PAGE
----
Court of Appeals 2020 Certified Questions

In addition to leave grants from Appellate Division orders, the Court of Appeals also at times receives requests from the federal circuit courts and other state supreme courts to weigh in on issues of New York law pending in cases out of state. In particular, Court of Appeals rule 500.27(a) provides:

Whenever it appears to the Supreme Court of the United States, any United States Court of Appeals, or a court of last resort of any other state that determinative questions of New York law are involved in a case pending before that court for which no controlling precedent of the Court of Appeals exists, the court may certify the dispositive questions of law to the Court of Appeals.

22 NYCRR 500.27 (a)

The cases are heard on an expedited basis, with the whole appeal from acceptance of the certified question to the Court of Appeals’ decision usually taking only about 9 months. 

In a normal year, the Court of Appeals generally accepts and decides 3-4 certified questions. In 2019, for example, the Court decided 3 certified questions, 2 accepted in 2018 and 1 accepted in 2019. The Court had also accepted 2 other certified questions in 2019 that hadn’t yet been decided by the end of the year. In 2018, the Court decided 2 certified questions, and in 2017, it decided 6 certified questions.

Here are a few of the cases that the Court of Appeals has been asked to hear this year:

CIT Bank N.A. v Pamela Schiffman, U.S. Court of Appeals for the Second Circuit, January 28, 2020

Certified questions:

(1) Where  a  foreclosure  plaintiff  seeks  to  establish  compliance  with  RPAPL § 1304 through proof of a standard office mailing procedure, and  the  defendant  both  denies  receipt  and  seeks  to  rebut  the presumption of receipt by showing that the mailing procedure was not followed,  what  showing  must  the  defendant  make  to  render  inadequate the plaintiff’s proof of compliance with § 1304?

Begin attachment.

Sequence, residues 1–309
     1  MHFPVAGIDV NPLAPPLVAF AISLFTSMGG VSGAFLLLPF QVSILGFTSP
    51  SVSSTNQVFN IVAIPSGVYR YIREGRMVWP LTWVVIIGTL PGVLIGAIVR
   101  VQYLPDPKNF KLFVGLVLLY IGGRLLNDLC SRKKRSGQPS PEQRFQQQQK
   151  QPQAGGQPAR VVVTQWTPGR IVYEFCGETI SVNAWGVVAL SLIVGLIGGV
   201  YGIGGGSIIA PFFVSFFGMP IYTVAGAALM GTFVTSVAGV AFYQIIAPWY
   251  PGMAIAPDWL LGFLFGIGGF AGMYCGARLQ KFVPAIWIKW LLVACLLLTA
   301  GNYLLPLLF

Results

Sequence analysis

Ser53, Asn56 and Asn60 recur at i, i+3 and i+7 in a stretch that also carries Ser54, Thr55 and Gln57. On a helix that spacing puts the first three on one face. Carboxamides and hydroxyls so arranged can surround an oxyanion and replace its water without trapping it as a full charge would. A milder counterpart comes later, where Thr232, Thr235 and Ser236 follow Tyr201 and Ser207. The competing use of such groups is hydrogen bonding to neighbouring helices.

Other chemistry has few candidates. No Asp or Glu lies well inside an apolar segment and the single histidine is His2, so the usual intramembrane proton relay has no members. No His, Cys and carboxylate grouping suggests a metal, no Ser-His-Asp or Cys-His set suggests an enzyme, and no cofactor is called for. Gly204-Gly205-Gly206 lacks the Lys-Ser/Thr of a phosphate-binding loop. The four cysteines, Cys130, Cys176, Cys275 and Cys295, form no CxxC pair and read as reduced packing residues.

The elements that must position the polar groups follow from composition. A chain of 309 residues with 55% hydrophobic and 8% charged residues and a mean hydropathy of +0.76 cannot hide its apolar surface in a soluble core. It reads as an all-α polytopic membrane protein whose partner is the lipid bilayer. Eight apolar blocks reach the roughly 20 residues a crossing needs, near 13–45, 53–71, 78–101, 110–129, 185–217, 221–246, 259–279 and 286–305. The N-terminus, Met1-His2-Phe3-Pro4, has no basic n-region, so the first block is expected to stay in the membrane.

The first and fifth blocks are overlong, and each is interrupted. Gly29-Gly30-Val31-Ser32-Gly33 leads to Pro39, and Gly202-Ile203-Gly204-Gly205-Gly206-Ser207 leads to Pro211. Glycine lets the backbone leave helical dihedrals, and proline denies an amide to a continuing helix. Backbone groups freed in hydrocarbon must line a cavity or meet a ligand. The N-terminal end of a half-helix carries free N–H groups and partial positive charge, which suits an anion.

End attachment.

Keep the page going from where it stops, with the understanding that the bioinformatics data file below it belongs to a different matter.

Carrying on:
(2) Where  there  are  multiple  borrowers  on  a  single  loan,  does  RPAPL  § 1306  require  that  a  lender’s  filing  include  information  about  all  borrowers, or does § 1306 require only that a lender’s filing include  information about one borrower? 

Brooklyn Center for Psychotherapy, Inc. v Philadelphia Indemnity Insurance Company, U.S. Court of Appeals for the Second Circuit, April 9, 2020

Certified question:

Must a general liability insurance carrier defend an insured in an action alleging discrimination under a failure-to-accommodate theory?

Simmons v Trans Express Inc., U.S. Court of Appeals for the Second Circuit, April 13, 2020

Certified question:

Under New York City Civil Court Act § 1808, what issue preclusion, claim preclusion, and/or res judicata effects, if any, does a small claims court’s prior judgment have on subsequent actions brought in other courts involving the same facts, issues, and/or parties? In particular, where a small claims court has rendered a judgment on a claim, does Section 1808 preclude a subsequent action involving a claim arising from the same transaction, occurrence, or employment relationship?

Ortiz v Ciox Health LLC, U.S. Court of Appeals for the Second Circuit, June 5, 2020

Certified question:

Does Section 18(2)(e) of the New York Public Health Law provide a private right of action for damages when a medical provider violates the provision limiting the reasonable charge for paper copies of medical records to $0.75 per page?

Adar Bays, LLC v GeneSYS ID, Inc., U.S. Court of Appeals for the Second Circuit, June 11, 2020

Certified questions:

(1) Whether a stock conversion option that permits a lender, in its sole discretion, to convert any outstanding balance to shares of stock at a fixed discount should be treated as interest for the purpose of determining whether the transaction violates N.Y. Penal Law § 190.40, the criminal usury law.

(2) If the interest charged on a loan is determined to be criminally usurious under N.Y. Penal Law § 190.40, whether the contract is void ab initio pursuant to N.Y. Gen. Oblig. Law § 5-511.

Fast Trak Investment Company, LLC v Sax, U.S. Court of Appeals for the Ninth Circuit, June 11, 2020

Certified questions:

(1) Whether a litigation financing agreement may qualify as a “loan” or a “cover for usury” where the obligation of repayment arises not only upon and from the client’s recovery of proceeds from such litigation but also upon and from the attorney’s fees the client’s lawyer may recover in unrelated litigation?

(2) If so, what are the appropriate consequences, if any, for the obligor to the party who financed the litigation, under agreements that are so qualified?

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